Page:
Skip to main content

The 5 Safest Players to Draft at Their ADP (2019 Fantasy Football)

by Sam Schlesinger | @avishai41 | Featured Writer
Aug 30, 2019

Beyond our fantasy football content, be sure to check out our award-winning slate of Fantasy Football Tools as you prepare for your draft this season. From our free mock Draft Simulator – which allows you to mock draft against realistic opponents – to our Draft Assistant – which optimizes your picks with expert advice – we’ve got you covered this fantasy football draft season.

A couple of weeks ago I took a look at the riskiest players who you could take in the first few rounds of the draft. This week, I want to look at the safest. Even in the first round of your draft, some players represent much safer options and come with significantly higher floors. While it’s great to take a few risks throughout your draft, it’s tough to recover if you strike out with your first or second-round pick. Let’s identify some safe options to target in the early rounds of your draft.

ADP based on FantasyPros consensus ADP for half PPR leagues

Sync your cheat sheet to your draft with our fantasy football tools >>

Julio Jones (WR – ATL)
Current ADP: 10

The top running backs (Saquon Barkley, Alvin Kamara, Christian McCaffrey, and Ezekiel Elliott if he signs before the season) are also very safe picks, but I wanted to start further down the line where people may actually need to be convinced. Julio Jones is the safest wide receiver you can draft because he doesn’t need touchdowns to return value. He’s had five seasons in a row with at least 1,400 yards receiving, and only once in his last six seasons did he fail to average at least 100 yards per game (in 2017 he averaged 90 yards per game). With Jones, you start with a double-digit floor whether he finds the end zone or not. The last time Dirk Koetter was in Atlanta in 2014, Jones began his 1,400 yards-per-season streak, breaking out with 104 catches for 1,593 yards and six touchdowns. The Falcons were also third in the league in pass attempts that year. With Koetter returning as the offensive coordinator and the Falcons beefing up their offensive line, this offense is primed to be one of the most explosive in the league. Jones has been a top-eight fantasy wide receiver in every season since 2014, and there’s no reason to believe that will change.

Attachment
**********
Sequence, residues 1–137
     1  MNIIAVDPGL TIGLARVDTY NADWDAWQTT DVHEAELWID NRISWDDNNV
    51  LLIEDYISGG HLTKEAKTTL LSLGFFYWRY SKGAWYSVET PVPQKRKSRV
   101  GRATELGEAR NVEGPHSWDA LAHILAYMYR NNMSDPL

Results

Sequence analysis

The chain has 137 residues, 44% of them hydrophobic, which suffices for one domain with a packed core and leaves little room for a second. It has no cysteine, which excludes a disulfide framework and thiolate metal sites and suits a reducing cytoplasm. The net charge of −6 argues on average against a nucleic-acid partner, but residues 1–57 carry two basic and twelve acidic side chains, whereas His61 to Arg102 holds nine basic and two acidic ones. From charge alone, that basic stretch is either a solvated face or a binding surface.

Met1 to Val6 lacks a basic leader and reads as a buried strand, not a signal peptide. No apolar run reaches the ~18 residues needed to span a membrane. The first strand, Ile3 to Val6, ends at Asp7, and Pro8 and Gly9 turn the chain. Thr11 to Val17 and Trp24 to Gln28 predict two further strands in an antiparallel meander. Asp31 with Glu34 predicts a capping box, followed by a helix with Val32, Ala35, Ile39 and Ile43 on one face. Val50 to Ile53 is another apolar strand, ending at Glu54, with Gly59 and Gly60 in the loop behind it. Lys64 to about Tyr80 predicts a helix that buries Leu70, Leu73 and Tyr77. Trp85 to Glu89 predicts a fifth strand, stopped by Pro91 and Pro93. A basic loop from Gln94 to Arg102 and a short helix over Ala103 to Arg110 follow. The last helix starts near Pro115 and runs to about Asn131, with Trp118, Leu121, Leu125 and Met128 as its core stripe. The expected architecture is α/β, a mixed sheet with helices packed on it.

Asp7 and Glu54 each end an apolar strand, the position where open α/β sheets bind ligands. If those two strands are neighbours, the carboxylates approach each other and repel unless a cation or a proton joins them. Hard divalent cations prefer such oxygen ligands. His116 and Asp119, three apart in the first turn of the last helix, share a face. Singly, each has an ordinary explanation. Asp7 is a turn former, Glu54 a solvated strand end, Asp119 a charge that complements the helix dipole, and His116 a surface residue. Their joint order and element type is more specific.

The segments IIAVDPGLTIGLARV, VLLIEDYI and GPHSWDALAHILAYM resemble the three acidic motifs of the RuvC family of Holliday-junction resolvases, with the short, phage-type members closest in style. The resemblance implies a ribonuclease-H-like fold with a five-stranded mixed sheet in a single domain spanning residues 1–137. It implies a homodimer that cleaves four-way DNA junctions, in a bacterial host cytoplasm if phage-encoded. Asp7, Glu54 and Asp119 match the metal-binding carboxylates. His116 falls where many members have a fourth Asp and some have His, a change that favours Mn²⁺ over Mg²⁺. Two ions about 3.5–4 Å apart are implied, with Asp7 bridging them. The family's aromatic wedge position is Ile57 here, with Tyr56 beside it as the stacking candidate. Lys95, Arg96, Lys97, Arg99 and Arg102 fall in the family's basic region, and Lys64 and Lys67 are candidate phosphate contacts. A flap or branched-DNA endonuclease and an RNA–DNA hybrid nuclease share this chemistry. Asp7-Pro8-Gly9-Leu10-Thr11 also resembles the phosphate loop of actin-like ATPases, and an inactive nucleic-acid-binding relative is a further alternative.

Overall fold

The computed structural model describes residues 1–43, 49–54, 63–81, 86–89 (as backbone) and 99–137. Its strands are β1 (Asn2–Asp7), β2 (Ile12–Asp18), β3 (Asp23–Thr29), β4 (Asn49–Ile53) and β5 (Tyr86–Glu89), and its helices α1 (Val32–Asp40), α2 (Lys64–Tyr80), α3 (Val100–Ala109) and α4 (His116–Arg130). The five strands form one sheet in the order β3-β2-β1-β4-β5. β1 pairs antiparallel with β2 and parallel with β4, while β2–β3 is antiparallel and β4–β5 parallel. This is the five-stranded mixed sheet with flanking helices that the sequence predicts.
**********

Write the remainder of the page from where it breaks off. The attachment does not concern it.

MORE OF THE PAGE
Michael Thomas (WR – NO)
Current ADP: 11

Michael Thomas has done nothing but produce since entering the league in 2016. He finished as the WR7 overall as a rookie and then as the WR6 in both 2017 and 18. Since 2016, no one has caught more passes than Thomas and no wide receiver has had a higher catch percentage. It doesn’t get much safer than betting on the Drew Brees to Michael Thomas connection. Despite Brees throwing (eight yards) under 4,000 yards for the first time since 2005, Thomas’ production was unaffected. In 2017 Brees threw 23 touchdowns, well below his average, and many thought he was on his way out. Then he rebounded in 2018 and threw 32 touchdowns. Brees has not appeared to slow down due to age, and I think his yardage totals will come back up closer to his average in 2019, keeping Thomas as valuable as ever in an offense that hasn’t finished outside the top 12 in points or yards since 2005.

Leonard Fournette (RB – JAC)
Current ADP: 27